We know how the elites fuel ethnic tensions to secure power as well of the devastating effects of these tensions reaching their boiling point. But what could be done to address ethnic conflict? David Welsh suggests that a remedy for ethnic conflict could be the complete enfranchisement of ethnic minorities and deterrence towards ethnic cleansing. This means that we must ensure that ethnic minorities are able to have a say in a democratic system that caters to all ethnicities equally. Fostering aversion to genocide is also vital toward addressing ethnic conflict because it is the inevitable result of unchecked ethnic conflict.

There is also the issue of members of ethnic groups voting for candidates and parties on ethnic lines. For example, in the United States, White American voters have shown to prefer White candidates over African American candidates, and vice versa. Keep in mind that the United States has a deep history of ethnic conflict, including the centuries-long subjugation of African Americans by White Americans.

Ethnic violence is horrifying and destructive, but it can be prevented. The first measure would be the establishment of a representative democracy, where members of all ethnicities are accurately represented. Another measure would be to make ethnic conflict and ethnic stereotyping taboo so that the average person would not resort to genocidal behavior once things go wrong. Lastly, making people feel secure is the most important step towards preventing ethnic conflict. If the people feel secure enough, they will not even need to think about ethnic violence. In short, while it is important to consider the differences of the various ethnic groups in a multiethnic society, it is vital that each group is kept represented and secure, free of any fears of subjugation.

While the case of Bosnia was extremely unfortunate, it provides an integral view into what could happen if perceived subjugation and fear of eradication reaches a breaking point. As was seen in Bosnia, ethnic violence can be extremely violent, resulting in untold suffering and death. That is why we must take necessary steps towards de-escalation and remediation of ethnic conflicts. These measures can, quite literally, save millions of lives.

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French Presidential Election 2022 and its significance for Europe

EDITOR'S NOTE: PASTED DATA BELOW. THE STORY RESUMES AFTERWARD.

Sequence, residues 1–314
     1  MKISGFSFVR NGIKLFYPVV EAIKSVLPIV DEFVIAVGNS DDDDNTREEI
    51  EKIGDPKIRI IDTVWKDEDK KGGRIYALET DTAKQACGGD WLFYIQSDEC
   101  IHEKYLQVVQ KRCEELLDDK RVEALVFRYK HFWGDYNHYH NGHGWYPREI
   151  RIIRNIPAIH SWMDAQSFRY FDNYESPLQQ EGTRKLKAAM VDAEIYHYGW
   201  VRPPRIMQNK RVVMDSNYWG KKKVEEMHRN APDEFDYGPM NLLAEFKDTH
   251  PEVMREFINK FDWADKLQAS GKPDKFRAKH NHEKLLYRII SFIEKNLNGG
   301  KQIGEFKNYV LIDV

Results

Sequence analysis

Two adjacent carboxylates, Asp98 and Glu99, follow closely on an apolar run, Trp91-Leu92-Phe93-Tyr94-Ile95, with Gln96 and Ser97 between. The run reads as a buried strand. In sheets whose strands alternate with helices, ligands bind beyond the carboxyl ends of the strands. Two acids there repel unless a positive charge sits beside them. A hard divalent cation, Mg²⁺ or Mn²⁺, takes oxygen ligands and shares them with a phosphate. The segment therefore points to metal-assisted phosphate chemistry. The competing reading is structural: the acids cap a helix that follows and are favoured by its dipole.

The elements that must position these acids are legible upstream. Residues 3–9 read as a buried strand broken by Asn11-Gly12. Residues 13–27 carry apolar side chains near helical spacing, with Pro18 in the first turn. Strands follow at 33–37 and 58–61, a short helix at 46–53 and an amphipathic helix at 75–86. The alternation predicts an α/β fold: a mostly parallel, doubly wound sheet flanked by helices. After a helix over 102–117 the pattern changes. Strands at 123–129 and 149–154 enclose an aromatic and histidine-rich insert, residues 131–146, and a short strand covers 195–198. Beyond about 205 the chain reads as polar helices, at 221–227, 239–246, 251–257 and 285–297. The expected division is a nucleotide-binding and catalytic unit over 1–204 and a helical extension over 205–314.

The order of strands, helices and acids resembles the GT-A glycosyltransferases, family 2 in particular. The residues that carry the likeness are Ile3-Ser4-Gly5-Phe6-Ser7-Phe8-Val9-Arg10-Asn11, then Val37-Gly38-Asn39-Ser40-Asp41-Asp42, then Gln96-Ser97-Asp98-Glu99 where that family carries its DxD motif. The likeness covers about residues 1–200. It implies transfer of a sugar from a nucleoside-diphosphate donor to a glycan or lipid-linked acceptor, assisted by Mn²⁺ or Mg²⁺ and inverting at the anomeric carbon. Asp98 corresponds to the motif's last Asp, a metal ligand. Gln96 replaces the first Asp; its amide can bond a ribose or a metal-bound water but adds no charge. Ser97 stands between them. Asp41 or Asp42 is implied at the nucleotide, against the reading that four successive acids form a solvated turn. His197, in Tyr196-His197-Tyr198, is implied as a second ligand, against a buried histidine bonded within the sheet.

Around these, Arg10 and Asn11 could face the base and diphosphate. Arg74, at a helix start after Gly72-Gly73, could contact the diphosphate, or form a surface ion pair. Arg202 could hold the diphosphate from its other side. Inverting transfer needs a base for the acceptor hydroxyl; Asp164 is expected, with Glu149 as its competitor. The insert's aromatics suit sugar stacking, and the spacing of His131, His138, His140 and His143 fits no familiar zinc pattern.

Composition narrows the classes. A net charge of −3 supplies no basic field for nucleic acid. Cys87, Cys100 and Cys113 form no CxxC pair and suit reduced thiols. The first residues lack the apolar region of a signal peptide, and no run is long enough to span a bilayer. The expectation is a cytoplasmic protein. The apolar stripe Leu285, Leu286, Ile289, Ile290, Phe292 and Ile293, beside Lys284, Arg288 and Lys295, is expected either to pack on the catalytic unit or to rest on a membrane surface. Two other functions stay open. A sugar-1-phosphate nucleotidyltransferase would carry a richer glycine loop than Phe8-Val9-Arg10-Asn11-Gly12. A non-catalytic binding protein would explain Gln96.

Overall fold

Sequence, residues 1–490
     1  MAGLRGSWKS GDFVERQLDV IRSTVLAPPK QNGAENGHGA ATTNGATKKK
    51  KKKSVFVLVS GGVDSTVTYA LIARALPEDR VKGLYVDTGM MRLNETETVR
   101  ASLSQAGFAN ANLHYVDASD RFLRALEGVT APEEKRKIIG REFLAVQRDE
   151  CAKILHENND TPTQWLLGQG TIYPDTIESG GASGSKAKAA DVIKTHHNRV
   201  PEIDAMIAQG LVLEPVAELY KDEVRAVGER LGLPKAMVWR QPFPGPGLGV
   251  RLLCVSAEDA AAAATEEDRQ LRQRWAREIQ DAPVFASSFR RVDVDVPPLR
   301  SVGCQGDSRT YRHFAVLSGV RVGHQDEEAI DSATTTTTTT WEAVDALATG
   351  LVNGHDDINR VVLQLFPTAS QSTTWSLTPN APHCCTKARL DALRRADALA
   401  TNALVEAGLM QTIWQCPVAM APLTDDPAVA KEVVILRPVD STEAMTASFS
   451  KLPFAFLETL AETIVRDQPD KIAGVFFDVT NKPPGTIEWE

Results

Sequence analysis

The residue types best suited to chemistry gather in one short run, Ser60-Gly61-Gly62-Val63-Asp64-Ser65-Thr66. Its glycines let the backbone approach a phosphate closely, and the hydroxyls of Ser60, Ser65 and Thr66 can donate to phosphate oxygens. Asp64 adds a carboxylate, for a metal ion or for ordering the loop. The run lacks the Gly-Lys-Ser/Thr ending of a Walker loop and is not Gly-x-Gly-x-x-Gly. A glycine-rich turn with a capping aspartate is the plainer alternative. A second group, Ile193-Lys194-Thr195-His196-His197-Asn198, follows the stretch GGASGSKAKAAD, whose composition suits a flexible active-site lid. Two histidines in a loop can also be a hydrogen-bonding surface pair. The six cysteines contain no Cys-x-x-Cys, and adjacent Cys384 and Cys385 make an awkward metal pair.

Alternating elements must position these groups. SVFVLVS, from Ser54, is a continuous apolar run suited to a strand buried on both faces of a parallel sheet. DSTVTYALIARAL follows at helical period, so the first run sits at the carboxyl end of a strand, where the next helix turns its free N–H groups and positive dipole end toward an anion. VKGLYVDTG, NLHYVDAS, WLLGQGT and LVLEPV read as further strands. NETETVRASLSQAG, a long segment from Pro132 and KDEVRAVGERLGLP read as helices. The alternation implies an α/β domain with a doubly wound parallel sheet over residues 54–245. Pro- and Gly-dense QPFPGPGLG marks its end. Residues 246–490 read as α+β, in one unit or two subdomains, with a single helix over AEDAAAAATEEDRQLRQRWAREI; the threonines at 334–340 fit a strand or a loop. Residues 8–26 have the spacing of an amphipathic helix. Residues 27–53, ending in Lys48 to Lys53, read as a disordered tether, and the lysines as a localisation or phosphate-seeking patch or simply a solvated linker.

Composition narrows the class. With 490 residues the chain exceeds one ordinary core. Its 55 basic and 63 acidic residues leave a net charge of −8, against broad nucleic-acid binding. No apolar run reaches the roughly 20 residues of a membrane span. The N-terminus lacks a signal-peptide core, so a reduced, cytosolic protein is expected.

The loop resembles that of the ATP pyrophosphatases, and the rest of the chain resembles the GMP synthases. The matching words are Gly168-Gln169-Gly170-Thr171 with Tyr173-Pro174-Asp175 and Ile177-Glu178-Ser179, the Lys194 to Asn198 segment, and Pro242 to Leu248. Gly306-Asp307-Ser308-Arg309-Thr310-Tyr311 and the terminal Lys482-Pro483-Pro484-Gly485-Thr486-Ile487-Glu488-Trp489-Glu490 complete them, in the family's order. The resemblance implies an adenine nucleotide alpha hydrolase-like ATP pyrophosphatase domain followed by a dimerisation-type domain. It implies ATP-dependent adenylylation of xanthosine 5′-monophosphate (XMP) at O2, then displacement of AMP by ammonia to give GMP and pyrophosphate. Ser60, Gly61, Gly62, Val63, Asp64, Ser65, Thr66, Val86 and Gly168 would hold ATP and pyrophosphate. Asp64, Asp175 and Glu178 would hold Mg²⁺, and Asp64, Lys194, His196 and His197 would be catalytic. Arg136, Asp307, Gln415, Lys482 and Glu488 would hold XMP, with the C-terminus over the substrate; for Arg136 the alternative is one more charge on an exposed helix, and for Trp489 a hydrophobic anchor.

Eugene Delacroix’s infamous painting “la liberté Guidant le Peuple” reminds the whole world of the July Revolution of 1830 that toppled King Charles X of France. The lady in the centre of the painting with the French tricolour still symbolizes the concept of liberty and reminds the whole world of revolutions and sacrifices made for freedom. France indeed has a long journey from revolting against “if they have no bread, let them eat cake” in 1789 to establishing a modern democratic society with the principles of “liberty, equality and fraternity”.  

France and the United States are rightly considered the birthplace of modern democracy. The French revolution taught the whole world lessons about revolution, freedom modern nationalism, liberalism and sovereignty. In 2022, France celebrates the 233rd year of Bastille Day which led to a new dawn in the French political system. From establishing 1ere Republique (1st Republic) in 1792, France has evolved and is currently under the 5eme Republique (5th Republic) under the constitution crafted by Charles de Gaulle in 1958.

Today, France is holding its presidential elections. As the French believe, ‘You first vote with your heart, then your head’, the first round of voting was concluded on Sunday 10th April and the Presidential debate on 20th April 2022. While the whole world waits for the 24th of April’s second round of elections and their results, this article attempts to understand the French electoral system and analyze Why French Presidential elections are important for Europe?

French electoral system